“I started at the top,” Agnelli used to quip about the start of his ca­reer. From 1966 on­wards he ruled the fam­ily busi­ness. Agnelli’s em­ploy­ees cre­ated the slo­gan, “Agnelli is Fiat; Fiat is Turin and Turin is Italy.”

It is dif­fi­cult to

fully grasp the ex­tent of the cul­tural and po­lit­i­cal in­flu­ence Agnelli wielded in his home coun­try. At the be­gin­ning of the 1990s ev­ery other car on the Ital­ian roads was a Fiat. Un­der Gianni’s man­age­ment the auto com­pany grew into a gi­gan­tic in­dus­try con­glom­er­ate with ten­ta­cles reach­ing in all di­rec­tions: wine pro­duc­tion, news­pa­pers, air­craft, en­ergy tech­nol­ogy and telecom­mu­ni­ca­tions. Dur­ing Agnelli’s 30 year reign as head of Fiat, auto-mak­ers Lan­cia, Maserati, Alfa Romeo and Fer­rari were brought un­der Fiat’s um­brella. For a time the Fiat em­pire was de­scribed as “a state within the state”. The fam­ily also owned the foot­ball club Ju­ven­tus at which Gianni was the hon­orary pres­i­dent from 1947 to 1954 (ev­ery morn­ing at six, wher­ever he was in the world, he’d call the club to get the lat­est news about the team).

“Ital­ian gov­ern­ments come and go, but Mr Agnelli is a per­ma­nent estab­lish­ment in the coun­try,” the U.S Sec­re­tary of State (un­der Richard Nixon) and Agnelli’s friend, Henry Kissinger, once com­mented.

When Italy’s sil­ver-haired

doyen went to his grave in 2003 he was val­ued at $2 bil­lion. With such a pow­er­ful prece­dent to live up to, there is lit­tle won­der that his suc­ces­sion be­came prob­lem­atic. Agnelli’s only son, Edoardo, had com­mit­ted sui­cide three years pre­vi­ously. The other nat­u­ral heir, nephew Gio­vanni, passed away in 1997 as a re­sult of cancer. Gianni’s neph­ews John and Lapo Elkann took over the helm of the fam­ily em­pire in­stead. John, the old­est brother, is now the Chair­man of Fiat, while no­to­ri­ous younger brother Lapo Elkann has shoul­dered the pub­lic im­age. Apart from re­launch­ing the city car, Fiat 500, dur­ing his time as the com­pany’s mar­ket­ing di­rec­tor, Lapo also in­her­ited Gianni Agnelli’s wardrobe which

has con­trib­uted to mak­ing him one of the most well-known style icons of our time (see Plaza Uomo is­sue 4/2014).

The vi­sion­ary Agnelli is gone, but his well-dressed spirit re­mains. It is quite pos­si­ble that there hasn’t been one sin­gle day since his grandiose fu­neral in Turin in 2003 that fash­ion mag­a­zines around the world have not men­tioned his glam­orous life­style and style-in­flu­enc­ing look. With suits from Ital­ian tai­lor­ing house Caraceni and the Bri­tish la­bel Hunts­man – fre­quently teamed with hand-crafted loafers from Ital­ian shoe­maker Car Shoe – he em­bod­ied mod­ern Italy. His ur­bane yet re­laxed el­e­gance worked just as well in the of­fice as for a dry-Mar­tini lunch on a yacht. Gianni’s most imi­tated style move? Wear­ing a wrist­watch – of­ten an Omega or a Patek Philippe – on the out­side of a starched cuff. Gianni did not have time, he said, to pull up his shirt sleeve. To­day this is a com­mon sight among Italy’s busi­ness lead­ers and fash­ion de­sign­ers such as Mau­r­izio Cor­neliani. Other style trends kick-started by Gianni in­clude let­ting the shorter part of the tie dan­gle free; leav­ing the but­ton-down but­tons open on a shirt and wear­ing boots or loafers with a busi­ness suit. The au­thor and jour­nal­ist Taki Theodor­a­cop­u­los – who was mem­ber of An­gelli’s in­ner cir­cle – told The Wall Street Jour­nal in 2013:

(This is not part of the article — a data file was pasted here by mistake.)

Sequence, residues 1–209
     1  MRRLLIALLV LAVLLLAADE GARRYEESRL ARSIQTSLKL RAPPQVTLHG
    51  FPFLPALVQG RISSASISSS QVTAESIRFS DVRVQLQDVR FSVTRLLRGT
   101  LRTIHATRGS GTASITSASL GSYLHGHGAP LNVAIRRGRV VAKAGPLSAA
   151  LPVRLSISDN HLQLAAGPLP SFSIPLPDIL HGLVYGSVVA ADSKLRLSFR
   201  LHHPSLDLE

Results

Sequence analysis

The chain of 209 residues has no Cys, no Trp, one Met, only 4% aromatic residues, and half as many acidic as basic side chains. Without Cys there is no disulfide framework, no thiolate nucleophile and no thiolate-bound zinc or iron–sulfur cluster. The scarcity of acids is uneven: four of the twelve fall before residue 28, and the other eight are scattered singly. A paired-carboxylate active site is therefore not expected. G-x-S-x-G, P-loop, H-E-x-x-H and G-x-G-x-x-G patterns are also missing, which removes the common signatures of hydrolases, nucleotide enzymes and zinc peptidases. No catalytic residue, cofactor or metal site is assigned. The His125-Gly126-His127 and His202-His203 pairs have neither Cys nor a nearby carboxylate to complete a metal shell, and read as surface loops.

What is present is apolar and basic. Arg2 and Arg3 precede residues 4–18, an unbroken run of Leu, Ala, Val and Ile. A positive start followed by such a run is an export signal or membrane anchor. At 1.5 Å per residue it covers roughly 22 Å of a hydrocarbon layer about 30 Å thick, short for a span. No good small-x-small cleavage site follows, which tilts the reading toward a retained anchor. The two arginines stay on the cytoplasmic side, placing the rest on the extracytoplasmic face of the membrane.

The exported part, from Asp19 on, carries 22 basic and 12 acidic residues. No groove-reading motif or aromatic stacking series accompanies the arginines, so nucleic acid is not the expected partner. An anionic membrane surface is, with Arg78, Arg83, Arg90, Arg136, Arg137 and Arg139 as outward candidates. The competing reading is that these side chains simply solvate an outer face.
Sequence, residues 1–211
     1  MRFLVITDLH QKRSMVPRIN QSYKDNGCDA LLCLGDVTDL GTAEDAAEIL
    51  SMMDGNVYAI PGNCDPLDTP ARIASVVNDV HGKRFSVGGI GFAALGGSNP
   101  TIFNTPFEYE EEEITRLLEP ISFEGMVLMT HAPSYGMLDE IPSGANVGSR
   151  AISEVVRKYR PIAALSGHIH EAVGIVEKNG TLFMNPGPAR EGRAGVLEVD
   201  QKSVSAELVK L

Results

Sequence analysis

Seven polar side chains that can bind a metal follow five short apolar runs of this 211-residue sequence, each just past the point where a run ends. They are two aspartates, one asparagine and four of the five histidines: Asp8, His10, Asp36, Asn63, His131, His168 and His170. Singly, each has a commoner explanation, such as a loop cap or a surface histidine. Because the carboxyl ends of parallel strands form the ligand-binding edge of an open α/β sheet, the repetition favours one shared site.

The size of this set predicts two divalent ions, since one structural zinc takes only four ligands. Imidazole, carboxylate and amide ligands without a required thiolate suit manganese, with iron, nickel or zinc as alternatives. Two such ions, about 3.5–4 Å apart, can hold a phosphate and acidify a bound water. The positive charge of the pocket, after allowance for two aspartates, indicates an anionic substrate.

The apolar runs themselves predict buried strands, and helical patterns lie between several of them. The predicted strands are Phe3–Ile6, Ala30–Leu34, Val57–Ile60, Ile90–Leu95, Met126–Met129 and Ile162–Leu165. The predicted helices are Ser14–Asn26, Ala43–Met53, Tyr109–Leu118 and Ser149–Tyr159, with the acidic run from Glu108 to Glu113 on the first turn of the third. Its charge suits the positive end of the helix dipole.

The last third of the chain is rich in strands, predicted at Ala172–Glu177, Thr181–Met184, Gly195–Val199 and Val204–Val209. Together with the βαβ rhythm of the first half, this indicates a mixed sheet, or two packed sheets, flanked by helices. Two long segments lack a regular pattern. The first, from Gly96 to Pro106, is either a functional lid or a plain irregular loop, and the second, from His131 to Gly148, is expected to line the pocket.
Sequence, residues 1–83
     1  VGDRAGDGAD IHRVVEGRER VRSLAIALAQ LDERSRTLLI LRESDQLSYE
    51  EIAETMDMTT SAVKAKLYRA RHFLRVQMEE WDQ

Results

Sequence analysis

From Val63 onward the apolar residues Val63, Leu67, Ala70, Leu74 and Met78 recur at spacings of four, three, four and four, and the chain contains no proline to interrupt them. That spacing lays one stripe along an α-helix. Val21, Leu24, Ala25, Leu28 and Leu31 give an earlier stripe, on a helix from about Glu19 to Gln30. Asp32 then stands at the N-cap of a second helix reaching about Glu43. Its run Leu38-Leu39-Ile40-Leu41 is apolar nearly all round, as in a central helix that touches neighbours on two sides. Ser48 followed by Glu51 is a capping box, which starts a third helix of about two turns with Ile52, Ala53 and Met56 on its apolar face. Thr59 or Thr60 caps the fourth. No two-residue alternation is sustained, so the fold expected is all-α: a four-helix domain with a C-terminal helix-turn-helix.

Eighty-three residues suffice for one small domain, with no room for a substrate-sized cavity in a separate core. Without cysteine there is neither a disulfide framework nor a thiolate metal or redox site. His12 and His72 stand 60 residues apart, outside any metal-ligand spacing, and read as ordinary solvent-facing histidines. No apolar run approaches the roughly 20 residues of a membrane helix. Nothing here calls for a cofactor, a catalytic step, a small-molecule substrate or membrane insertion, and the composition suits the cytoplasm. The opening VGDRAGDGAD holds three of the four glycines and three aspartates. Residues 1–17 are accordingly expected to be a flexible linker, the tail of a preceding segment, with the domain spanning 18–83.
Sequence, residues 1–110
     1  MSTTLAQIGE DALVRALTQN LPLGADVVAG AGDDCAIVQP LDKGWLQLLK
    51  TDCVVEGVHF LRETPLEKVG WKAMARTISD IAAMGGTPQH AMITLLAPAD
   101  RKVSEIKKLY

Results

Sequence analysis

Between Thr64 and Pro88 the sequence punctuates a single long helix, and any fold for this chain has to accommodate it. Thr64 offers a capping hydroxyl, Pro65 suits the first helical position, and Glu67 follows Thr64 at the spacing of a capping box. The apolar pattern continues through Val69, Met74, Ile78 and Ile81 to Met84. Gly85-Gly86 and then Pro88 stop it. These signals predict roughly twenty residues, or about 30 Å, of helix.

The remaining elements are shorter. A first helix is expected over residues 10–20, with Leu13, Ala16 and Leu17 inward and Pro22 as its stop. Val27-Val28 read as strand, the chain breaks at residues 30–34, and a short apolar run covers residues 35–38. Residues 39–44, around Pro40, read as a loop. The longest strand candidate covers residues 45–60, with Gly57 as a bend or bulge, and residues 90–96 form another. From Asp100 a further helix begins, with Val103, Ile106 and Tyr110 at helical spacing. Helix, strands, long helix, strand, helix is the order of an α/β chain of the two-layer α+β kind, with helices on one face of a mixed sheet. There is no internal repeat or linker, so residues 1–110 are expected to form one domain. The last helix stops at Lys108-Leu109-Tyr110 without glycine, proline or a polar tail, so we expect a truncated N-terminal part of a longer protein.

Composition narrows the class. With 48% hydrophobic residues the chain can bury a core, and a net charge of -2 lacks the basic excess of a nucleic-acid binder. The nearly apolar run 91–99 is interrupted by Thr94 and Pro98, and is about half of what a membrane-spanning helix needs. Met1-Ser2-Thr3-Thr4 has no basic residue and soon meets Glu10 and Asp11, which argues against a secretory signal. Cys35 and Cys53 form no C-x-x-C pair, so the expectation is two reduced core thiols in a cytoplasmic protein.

“Gianni was el­e­gant and wore clothes beau­ti­fully. He would have been a great dancer as he was built like a boy, with nar­row shoul­ders. The way clothes hung on him, it was just as the de­sign­ers imag­ine it.”

Agnelli was the mas­ter

of ­sprez­zatura, which means some­one who has mas­tered the rules but chooses to break them with a cer­tain fi­nesse. Taki Theodor­a­cop­u­los again:

“When he wasn’t per­fectly dressed, it was de­lib­er­ate. The tie askew, the un­but­toned shirt – noth­ing was an ac­ci­dent. Or, to put it another way, it was meant to be an ac­ci­dent, which made it even more stylish.”

Look­ing at pho­tos of l’Avvo­cato, some­thing else be­comes clear: he rep­re­sents an in­com­pa­ra­ble and time­less aes­thetic. It doesn’t mat­ter if the pho­tos are from the 1960s, 70s, 80s or 90s; his suits would have worked just as well to­day.

On the day fol­low­ing the an­nounce­ment of Gianni’s death, Ital­ian news­pa­pers de­clared, “Italy’s last king is dead.” The na­tion still mourns numero uno. To­gether with the en­tire fash­ion world

Few Ital­ians have been as in­flu­en­tial, trend­set­ting and imi­tated dur­ing the 20th cen­tury as Gianni Agnelli, here pho­tographed in Tri­este in Fe­bru­ary 1967.

Gianni Agnelli whizzing down the slopes at Swiss ski re­sort St. Moritz on 24 De­cem­ber 1976.

Fe­bru­ary 1972. Agnelli shows-off a model of Fiat Tower, to be con­structed at La Défense in Paris.

Agnelli in con­ver­sa­tion with rac­ing driver Mario An­dretti dur­ing the Monaco Grand Prix in 1975.